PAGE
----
Let’s start out with a simple truth and accept it – we’re all racist. Some people will tell you that only those in power are racist. That’s neither true nor is it the problem. The problem is and always has been that whoever is in power can choose whether or not to impose and enforce their version of racism. More often than not they do so because it’s convenient to create a scapegoat for everything going wrong, point the general populace their way, then sit back on the throne and take power as people attack the scapegoat instead of taking personal responsibility for whatever messed up crap is going on in the world. More white people are on welfare than black people, but tell a bunch of white voters that the national deficit is skyrocketing and it’s because of government entitlements, and they’re not going to blame THEMSELVES for it. (As if the two things were even correlated to begin with – but I digress.)
As long as politicians have somebody to blame, they can always whip up the vote. Everyone says they’re tired of negative campaign ads and negative election cycles, but somehow they still remember who they hate MORE even if they wind up hating both (or perhaps more fairly all) of the candidates. The unfortunate reality is that we’re all indoctrinated into hate and mistrust, willingly or not, either by parents or our society. The “us versus them” mentality is incredibly hard to escape, and again there’s nothing a politician likes more than to tell you “we’re in this together” and make you believe it’s a team, then tell you to fight with all your might to destroy the other team because they’re “not us.” The larger the scale of this concept goes the more it grows into civil wars, race wars and even world wars – all designed to divide and conquer in the name of togetherness and brotherhood. It’s shady as f#$# and if you think about it for a bit it’s not hard to see that it works. History repeats itself over and over again as peoples and eventually entire nations are convinced that somebody is to blame for what’s wrong and it’s never “us” and always “them” whoever “they” are.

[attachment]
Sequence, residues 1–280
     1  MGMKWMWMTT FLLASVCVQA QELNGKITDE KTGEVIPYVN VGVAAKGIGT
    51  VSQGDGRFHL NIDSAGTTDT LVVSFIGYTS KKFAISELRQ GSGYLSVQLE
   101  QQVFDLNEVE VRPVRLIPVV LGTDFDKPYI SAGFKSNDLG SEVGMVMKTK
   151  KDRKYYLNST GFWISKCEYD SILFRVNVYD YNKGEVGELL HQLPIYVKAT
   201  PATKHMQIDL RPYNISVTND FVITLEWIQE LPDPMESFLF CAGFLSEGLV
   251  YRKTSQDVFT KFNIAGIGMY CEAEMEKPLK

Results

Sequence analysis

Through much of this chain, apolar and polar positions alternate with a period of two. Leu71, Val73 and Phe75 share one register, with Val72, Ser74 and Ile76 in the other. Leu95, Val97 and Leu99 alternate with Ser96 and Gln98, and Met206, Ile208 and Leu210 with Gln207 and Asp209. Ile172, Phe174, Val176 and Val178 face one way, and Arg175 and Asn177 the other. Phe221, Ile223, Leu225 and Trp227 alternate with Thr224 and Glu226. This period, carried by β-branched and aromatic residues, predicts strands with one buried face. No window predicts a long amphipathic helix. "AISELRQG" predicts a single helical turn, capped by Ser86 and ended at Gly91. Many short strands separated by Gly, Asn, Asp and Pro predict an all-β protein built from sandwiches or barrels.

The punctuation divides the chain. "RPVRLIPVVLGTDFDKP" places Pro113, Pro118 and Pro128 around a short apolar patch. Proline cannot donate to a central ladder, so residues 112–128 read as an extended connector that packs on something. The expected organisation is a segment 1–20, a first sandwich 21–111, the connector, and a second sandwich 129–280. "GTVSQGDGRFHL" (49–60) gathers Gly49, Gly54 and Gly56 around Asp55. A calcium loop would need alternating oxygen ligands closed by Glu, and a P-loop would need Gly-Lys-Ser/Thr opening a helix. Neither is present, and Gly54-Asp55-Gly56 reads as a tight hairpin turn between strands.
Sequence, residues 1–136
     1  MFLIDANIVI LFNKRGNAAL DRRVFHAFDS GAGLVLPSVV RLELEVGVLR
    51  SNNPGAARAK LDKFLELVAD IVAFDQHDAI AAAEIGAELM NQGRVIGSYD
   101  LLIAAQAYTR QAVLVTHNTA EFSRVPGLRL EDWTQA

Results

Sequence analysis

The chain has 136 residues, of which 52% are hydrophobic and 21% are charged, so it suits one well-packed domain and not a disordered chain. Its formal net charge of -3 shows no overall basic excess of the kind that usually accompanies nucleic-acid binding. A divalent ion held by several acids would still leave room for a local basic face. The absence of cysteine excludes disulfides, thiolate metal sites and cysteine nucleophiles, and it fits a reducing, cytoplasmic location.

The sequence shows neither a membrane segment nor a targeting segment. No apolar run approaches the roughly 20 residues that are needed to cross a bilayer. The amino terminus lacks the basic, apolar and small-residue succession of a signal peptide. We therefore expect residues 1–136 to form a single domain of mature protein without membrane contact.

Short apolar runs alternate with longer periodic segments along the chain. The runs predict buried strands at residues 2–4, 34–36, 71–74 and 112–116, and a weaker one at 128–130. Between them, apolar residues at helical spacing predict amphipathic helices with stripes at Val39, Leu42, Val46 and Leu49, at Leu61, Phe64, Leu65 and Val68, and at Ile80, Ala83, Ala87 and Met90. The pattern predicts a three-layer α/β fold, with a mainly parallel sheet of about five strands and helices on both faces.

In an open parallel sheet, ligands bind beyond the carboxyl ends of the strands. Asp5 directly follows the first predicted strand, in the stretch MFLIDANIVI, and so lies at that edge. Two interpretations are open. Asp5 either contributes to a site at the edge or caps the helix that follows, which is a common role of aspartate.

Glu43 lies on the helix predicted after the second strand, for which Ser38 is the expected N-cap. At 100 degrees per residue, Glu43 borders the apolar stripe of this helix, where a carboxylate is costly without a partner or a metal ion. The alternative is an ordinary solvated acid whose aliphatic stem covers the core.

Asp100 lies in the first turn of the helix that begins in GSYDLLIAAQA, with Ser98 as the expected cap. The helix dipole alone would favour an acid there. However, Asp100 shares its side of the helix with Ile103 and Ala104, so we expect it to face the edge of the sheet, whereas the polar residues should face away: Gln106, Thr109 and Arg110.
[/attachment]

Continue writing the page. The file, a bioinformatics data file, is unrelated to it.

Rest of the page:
I like to remind myself of these things while thinking about the candidacy of Donald J. Trump for President. Now the title of editorial is a bit misleading because as stated in the opening paragraph the premise is that 100% of us are racist in some way even though we might not choose to believe or see the way we’re programmed to be – we might not even be capable of seeing it. The difference in the 40% that support Trump, the “basket of deplorables” as they have been described, wouldn’t even deny it or be ashamed of it. They’ve decided that America “isn’t great” and picked a whole litany of people to blame. When just blaming people of a certain racial background isn’t enough to stoke their fire, they’ll blame gender equality, or gay pride, or the liberal media, or even lie about and slander our nation’s President. As long as there’s something or someone they can openly hate they’re happy about it, and that’s who Donald Trump appeals to most – people who are unapologetic and happy about hating simply for hate’s sake. They’re proud to hate. They’ll hate all the way to the polls in November.
The sad truth is there’s nothing that can be done about it. You can’t tell a homophobe to be nice and stop calling people “fags” or “queers.” You can’t tell a white supremacist what to call African-Americans either. It doesn’t work to tell a racist they’re racist. The people who actually believe Donald Trump are not irredeemable though. 100% of us may be racist but 100% of us don’t have submit to our cultural training or crass instincts either. You can learn through trial and error that the things you’ve been taught are wrong, that people who look or worship or live differently than you are not evil, and that there’s no one group to blame for whatever you think is wrong with the world. Being poor or disenfranchised is a common denominator that crosses all racial, religious, or sexual distinctions. You can trick people into thinking that Mexico is to blame, and that building a wall between the U.S. and Mexico solves everything, but whatever side of that wall you live on your only concerns are how to get enough to eat, put a roof over your head, and/or take care of your family. The struggle is the same no matter your name. 40% of people may be proud to be “deplorable” but 60% of us can still say there’s a better way, because no matter who we vote for at the end of the day the struggle remains the same.